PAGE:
Being trans* and trying to pursue any career in sports is incredibly hard. Most associations consider hormones to be performance enhancers, so when you try to transition and be an athlete, the road can be rough or even impossible. One woman at Mission College in Santa Clara is breaking those barriers.
There are so many facets to being trans*. Between community, relationships, and transition, it can be difficult to find a place to feel comfortable. But how do you find comfort when your body does not align with your image of yourself? How do you handle dysphoria?
Throughout our lives, we are burdened with labels, whether they are self-made or the creations of others. Within the LGBT community, they are especially prominent. There are bears, lipstick lesbians, bois, butch, femmes, baby dykes, studs. Even lesbian, gay, and bisexual are labels. I have been thinking a lot about labels lately as I try to identify myself. I have come to a few conclusions.
As I continue to think about myself and my gender, there are certain questions which sprawl through my mind. I often find myself quoting in my head Romeo and Juliet: “What’s in a name? That which we call a rose / by any other name would smell as sweet” (Shakespeare II. ii. 47-48). These lines are important to remember, meaning that no matter what the name, the make up of the individual remains the same. Names are assigned, only a signifier of the person you are. So why am I discussing names?
I am slowly admitting to myself that I really am trans, that I do want to transition. I feel more comfortable with male pronouns, with a masculine chest, with my hairy legs. So how do you tell someone that? How do you explain to someone that your gender is not truly female, the sex you were born, that you are really male? What can you say to someone to get a person to understand?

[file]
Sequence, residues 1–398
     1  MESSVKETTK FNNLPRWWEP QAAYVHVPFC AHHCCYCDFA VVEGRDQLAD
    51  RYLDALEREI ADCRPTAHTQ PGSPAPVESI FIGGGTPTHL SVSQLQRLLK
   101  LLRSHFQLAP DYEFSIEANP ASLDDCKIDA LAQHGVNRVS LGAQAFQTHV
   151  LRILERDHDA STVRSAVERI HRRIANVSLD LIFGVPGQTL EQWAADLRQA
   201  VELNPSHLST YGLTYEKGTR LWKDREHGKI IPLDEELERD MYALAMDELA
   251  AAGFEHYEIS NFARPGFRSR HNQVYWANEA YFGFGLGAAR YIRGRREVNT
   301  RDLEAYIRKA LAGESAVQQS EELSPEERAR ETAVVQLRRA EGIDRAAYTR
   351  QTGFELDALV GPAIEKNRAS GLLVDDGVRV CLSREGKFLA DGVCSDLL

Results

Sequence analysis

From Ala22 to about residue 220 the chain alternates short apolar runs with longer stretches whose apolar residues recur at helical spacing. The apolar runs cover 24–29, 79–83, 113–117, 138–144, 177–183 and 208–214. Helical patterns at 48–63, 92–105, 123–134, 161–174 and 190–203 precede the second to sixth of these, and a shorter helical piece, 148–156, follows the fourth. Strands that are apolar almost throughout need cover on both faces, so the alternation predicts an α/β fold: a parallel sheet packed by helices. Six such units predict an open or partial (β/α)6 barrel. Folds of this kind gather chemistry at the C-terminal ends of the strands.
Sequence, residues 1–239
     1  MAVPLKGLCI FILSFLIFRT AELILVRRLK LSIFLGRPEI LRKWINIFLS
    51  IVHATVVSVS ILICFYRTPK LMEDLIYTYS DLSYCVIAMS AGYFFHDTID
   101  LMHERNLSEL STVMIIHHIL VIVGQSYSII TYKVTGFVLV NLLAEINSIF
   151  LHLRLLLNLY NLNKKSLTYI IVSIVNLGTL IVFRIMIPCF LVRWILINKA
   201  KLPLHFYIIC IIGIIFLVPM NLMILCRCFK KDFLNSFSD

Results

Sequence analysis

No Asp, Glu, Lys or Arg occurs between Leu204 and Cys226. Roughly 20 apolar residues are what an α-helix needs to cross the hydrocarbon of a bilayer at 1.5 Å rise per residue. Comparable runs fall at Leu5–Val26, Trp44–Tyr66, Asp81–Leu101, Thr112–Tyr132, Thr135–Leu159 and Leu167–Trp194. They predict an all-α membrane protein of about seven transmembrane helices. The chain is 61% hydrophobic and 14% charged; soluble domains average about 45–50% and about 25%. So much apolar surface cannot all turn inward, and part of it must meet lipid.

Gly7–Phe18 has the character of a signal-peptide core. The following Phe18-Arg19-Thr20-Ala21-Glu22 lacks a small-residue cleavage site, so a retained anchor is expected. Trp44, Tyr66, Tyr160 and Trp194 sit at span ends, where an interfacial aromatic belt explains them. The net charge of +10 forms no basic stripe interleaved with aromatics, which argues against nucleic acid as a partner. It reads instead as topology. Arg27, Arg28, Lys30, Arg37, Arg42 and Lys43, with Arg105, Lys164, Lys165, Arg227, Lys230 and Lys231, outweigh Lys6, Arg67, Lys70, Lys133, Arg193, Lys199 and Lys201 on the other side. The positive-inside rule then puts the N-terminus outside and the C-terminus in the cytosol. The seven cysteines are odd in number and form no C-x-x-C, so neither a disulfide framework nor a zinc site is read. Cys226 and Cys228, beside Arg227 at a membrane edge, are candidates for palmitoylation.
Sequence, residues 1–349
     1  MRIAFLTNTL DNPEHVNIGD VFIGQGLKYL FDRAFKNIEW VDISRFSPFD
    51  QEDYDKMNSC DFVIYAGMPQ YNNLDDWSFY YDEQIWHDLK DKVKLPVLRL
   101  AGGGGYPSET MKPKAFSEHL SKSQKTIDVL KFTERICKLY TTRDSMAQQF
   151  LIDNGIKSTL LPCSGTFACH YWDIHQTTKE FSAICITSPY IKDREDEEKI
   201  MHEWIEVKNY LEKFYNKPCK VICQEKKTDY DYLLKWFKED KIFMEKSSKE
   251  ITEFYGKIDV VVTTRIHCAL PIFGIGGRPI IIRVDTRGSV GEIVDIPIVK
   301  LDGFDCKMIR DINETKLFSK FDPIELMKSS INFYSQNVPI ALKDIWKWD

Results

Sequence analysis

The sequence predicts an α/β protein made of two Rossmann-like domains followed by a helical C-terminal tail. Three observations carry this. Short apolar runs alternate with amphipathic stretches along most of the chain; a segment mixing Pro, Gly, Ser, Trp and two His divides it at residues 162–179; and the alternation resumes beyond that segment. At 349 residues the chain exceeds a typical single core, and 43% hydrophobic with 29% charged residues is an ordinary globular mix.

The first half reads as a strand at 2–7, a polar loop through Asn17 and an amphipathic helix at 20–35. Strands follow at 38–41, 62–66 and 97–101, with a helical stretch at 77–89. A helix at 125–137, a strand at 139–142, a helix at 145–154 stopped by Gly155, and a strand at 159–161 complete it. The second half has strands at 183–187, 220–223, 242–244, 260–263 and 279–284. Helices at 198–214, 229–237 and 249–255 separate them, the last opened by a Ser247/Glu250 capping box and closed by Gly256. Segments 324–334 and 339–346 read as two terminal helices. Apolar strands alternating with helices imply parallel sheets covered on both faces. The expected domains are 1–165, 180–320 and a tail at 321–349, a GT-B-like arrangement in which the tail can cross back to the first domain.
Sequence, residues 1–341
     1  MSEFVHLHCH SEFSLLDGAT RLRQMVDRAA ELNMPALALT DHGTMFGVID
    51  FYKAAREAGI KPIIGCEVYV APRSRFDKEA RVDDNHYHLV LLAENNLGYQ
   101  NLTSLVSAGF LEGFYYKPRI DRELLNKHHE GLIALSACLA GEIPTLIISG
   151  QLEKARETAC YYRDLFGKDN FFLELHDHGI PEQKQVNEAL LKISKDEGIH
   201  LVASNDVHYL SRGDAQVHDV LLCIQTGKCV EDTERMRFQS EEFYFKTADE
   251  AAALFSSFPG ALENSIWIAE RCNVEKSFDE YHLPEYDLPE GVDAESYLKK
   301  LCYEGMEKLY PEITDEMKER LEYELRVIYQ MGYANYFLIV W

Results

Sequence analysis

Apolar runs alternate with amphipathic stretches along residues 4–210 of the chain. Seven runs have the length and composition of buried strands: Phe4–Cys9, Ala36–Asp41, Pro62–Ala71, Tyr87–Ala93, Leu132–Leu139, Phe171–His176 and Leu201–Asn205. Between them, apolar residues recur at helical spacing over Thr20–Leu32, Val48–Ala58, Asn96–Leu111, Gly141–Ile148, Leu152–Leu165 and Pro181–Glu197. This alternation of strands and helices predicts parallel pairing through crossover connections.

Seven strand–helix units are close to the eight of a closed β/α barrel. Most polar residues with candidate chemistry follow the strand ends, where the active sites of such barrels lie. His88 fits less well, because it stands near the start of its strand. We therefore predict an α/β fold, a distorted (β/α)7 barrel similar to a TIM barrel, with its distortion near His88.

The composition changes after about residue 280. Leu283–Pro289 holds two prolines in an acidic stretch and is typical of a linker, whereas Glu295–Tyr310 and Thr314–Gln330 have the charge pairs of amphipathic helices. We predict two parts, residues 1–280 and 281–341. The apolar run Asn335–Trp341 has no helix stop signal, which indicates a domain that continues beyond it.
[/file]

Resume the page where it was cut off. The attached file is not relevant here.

While researching today, I found a campaign working toward creating an equal environment for all genders at colleges and universities, The National Student Genderblind Campaign (NSGC). According to their mission statement, they question the way society has dictated that women should room with women and men with men. Why can’t students live with whomever they are at ease?
How many sexes or genders are there anyway, and how are they defined? I suspect there are at least 4 and possibly 8. It seems like we not living in a black and white dualistic world any more that is limited to just males & females. There are many shades of grey that make the world seem much more complicated.
Now Australia proposes passports with three gender options: male, female and unspecified.
I have written before about societal expectations and how they affect the way gender is interpreted. Now that I present as a male, though, what is expected of me has changed. I do not visibly reside outside the lines of normal anymore, so I must think about what society wants to require of me as a male.
A friend recently suggested I write about hate. It’s such a hard topic, something we as LGBTQ people encounter on an almost daily basis. The level of hate one encounters, though, varies by location. Places with laws protecting the community such as California and much of the Northeast tend to be more accepting. People also vary in their acceptance of the community based on their level of education (generally those who have experienced higher education are less likely to harbor prejudice), their religious beliefs, and their social class.